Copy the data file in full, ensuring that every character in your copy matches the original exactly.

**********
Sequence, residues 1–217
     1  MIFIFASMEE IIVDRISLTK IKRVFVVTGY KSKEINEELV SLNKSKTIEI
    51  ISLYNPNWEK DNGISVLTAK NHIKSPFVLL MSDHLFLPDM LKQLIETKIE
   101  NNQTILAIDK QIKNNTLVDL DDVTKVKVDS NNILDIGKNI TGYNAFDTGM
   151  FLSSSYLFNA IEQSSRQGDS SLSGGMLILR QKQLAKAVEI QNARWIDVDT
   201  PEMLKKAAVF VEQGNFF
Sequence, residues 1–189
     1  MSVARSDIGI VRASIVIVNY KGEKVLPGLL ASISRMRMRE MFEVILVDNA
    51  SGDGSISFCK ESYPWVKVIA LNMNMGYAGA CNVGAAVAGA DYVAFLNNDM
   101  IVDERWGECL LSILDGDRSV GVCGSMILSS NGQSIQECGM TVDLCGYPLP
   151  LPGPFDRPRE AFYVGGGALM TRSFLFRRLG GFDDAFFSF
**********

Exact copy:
Sequence, residues 1–217
     1  MIFIFASMEE IIVDRISLTK IKRVFVVTGY KSKEINEELV SLNKSKTIEI
    51  ISLYNPNWEK DNGISVLTAK NHIKSPFVLL MSDHLFLPDM LKQLIETKIE
   101  NNQTILAIDK QIKNNTLVDL DDVTKVKVDS NNILDIGKNI TGYNAFDTGM
   151  FLSSSYLFNA IEQSSRQGDS SLSGGMLILR QKQLAKAVEI QNARWIDVDT
   201  PEMLKKAAVF VEQGNFF
Sequence, residues 1–189
     1  MSVARSDIGI VRASIVIVNY KGEKVLPGLL ASISRMRMRE MFEVILVDNA
    51  SGDGSISFCK ESYPWVKVIA LNMNMGYAGA CNVGAAVAGA DYVAFLNNDM
   101  IVDERWGECL LSILDGDRSV GVCGSMILSS NGQSIQECGM TVDLCGYPLP
   151  LPGPFDRPRE AFYVGGGALM TRSFLFRRLG GFDDAFFSF